There’s one recurring essence that flows through the Netherlands’ history and binds its people together: water. From the Mesolithic tribes that hunted on canoes to the explorers that set sail and ventured beyond the edges of the known-world, water has always shaped the Netherlands and its people. Despite the fact that the Roman author Pliny the Elder once described it as “a pitiful land flooded twice a day”, the Dutch still successfully transformed it into one of the world’s most prosperous nations. Water gives us life, and we couldn’t live without it.

Lees meer: The Netherlands and Water

Whether it’s a life spent sailing the world, cruising along idyllic canals or fishing for the perfect catch, the Dutch people’s relationship with water is known and respected internationally. This is no ordinary love: it is a connection forged throughout history and generations, and a bond that strengthens with each passing day. The flow of water shapes who we are: it meant that we created the world’s earliest public transport network, using passenger boats to travel over the otherwise impassable landscape in the 17th century, and it inspires our biggest cultural events, like the Elfstedentocht (Eleven Cities Tour), a 200km ice-skating race along frozen canals. In fact, living with water also informs the direct and pragmatic character of the Dutch – to survive we had to work together and be decisive. This approach even has its own water-themed word in our language: poldermodel.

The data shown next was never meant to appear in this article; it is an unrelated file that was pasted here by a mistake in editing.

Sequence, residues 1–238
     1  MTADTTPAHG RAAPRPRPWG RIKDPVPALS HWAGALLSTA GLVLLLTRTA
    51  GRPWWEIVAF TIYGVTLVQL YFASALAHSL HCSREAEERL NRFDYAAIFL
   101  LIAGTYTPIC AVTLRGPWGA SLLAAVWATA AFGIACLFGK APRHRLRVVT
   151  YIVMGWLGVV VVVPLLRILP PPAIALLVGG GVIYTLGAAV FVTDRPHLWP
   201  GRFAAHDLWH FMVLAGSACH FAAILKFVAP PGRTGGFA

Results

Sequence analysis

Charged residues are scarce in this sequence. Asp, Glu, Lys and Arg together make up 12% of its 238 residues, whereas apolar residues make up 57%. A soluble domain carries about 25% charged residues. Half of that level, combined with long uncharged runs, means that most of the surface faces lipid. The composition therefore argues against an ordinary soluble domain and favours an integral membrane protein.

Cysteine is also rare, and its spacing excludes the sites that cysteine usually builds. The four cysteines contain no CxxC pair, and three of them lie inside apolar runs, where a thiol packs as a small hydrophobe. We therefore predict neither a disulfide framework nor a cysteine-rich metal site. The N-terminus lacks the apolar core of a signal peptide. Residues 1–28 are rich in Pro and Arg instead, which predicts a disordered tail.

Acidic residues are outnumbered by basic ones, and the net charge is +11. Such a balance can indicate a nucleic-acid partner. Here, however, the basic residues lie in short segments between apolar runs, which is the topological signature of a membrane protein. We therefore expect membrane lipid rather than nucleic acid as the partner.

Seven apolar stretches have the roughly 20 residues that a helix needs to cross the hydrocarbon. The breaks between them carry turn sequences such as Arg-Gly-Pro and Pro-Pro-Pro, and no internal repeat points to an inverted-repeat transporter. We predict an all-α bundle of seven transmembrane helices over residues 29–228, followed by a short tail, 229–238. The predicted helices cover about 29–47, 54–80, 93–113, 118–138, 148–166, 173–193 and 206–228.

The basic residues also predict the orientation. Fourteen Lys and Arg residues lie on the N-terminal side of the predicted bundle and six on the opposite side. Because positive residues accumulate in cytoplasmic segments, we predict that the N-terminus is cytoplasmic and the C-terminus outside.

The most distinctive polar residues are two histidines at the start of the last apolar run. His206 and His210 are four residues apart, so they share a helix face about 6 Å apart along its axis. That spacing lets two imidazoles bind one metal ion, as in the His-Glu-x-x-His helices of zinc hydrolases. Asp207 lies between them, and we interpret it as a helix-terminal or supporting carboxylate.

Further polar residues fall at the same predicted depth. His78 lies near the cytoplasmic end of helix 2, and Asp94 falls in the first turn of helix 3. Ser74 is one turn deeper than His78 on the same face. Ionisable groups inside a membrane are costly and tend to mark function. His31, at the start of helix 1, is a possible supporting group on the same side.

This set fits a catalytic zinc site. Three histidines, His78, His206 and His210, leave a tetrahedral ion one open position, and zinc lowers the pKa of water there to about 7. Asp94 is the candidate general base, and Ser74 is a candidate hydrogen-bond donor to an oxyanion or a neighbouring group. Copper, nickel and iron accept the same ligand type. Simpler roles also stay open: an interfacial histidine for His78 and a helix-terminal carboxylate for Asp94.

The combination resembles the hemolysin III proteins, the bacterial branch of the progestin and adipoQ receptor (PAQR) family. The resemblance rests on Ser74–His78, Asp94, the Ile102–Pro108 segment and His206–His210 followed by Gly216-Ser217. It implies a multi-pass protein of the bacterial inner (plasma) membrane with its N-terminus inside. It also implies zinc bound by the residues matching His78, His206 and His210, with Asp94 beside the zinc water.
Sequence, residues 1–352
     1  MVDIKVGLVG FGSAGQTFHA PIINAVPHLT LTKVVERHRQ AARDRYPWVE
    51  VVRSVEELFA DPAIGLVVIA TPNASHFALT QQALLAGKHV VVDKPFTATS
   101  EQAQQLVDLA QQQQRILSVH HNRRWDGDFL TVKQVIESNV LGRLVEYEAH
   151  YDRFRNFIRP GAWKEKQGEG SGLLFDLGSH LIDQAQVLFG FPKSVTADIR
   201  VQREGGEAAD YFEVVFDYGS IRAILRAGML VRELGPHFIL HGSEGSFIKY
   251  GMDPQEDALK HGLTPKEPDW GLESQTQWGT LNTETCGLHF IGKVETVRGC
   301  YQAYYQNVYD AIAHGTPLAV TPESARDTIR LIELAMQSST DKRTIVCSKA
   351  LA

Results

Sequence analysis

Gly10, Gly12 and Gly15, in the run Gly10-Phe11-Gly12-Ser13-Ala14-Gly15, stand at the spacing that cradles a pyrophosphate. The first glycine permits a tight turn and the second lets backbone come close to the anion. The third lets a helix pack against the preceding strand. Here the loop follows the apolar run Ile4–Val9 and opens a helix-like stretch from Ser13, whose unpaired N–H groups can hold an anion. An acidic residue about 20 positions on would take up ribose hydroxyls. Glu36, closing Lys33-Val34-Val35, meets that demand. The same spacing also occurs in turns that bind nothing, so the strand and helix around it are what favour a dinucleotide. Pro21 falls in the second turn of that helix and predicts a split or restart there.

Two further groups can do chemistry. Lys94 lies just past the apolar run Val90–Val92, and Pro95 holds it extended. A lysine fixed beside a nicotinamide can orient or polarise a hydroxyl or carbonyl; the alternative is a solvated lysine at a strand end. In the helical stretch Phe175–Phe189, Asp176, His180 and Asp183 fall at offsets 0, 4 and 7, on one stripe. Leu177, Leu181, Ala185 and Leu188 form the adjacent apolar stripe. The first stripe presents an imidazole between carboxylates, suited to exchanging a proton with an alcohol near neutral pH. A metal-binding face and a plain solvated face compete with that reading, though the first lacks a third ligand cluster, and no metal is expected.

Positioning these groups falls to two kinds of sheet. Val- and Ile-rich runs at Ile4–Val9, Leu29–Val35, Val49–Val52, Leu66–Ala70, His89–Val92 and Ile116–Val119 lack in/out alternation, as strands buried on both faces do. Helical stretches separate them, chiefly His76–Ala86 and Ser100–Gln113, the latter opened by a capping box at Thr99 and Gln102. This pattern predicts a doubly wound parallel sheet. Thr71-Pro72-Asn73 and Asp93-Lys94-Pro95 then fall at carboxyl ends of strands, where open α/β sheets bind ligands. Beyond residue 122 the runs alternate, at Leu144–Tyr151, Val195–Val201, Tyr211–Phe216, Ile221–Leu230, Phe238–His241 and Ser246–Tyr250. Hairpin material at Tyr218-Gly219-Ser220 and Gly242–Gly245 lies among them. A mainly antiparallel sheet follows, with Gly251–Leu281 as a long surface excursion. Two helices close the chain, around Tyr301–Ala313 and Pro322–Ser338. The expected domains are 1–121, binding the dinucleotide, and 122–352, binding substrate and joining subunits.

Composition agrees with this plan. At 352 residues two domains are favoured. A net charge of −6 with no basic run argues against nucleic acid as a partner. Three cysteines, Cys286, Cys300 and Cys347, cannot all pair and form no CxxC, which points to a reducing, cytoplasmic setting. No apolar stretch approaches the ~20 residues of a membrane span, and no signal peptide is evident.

Water doesn’t just permeate through the lives of the Dutch people; it runs through the land itself: a fifth of the total surface area of the country consists of water. The Dutch relationship with water is one of balance, a matter of life and death. We might cherish it, but we have had to fight water for almost every bit of land we now inhabit. As early as in the 14th century we were reclaiming land to live on. Today we’re continuing that work in an effort to not only let nature prosper, but to also build modern cities and town. Nearly a third of our country lies below sea level, and without its fascinating landscape of ditches, canals, lakes, rivers, windmills, polders and dikes, half would be flooded.

Did you know?

  • That almost a third of the Netherlands lies below sea level?
  • The Dutch coastline is 230 kilometers long and 75% is made out of dunes which can be a couple of kilometers wide.
  • The mainland is also very rich in water: 17% of the total surface consists of water.
  • The waterways are in total over 6,000 km long.

If you’re lucky enough to visit the Netherlands, you’ll immediately see evidence of this special relationship. As well as the canals that wind alongside our streets and the houseboats that queue up along our waterways, there are monumental windmills, water-rich nature reserves, historic pumping stations, beautiful beaches, magnificent museums and UNESCO World Heritage Sites to discover. So, take a journey with us and let our special relationship with water inspire you.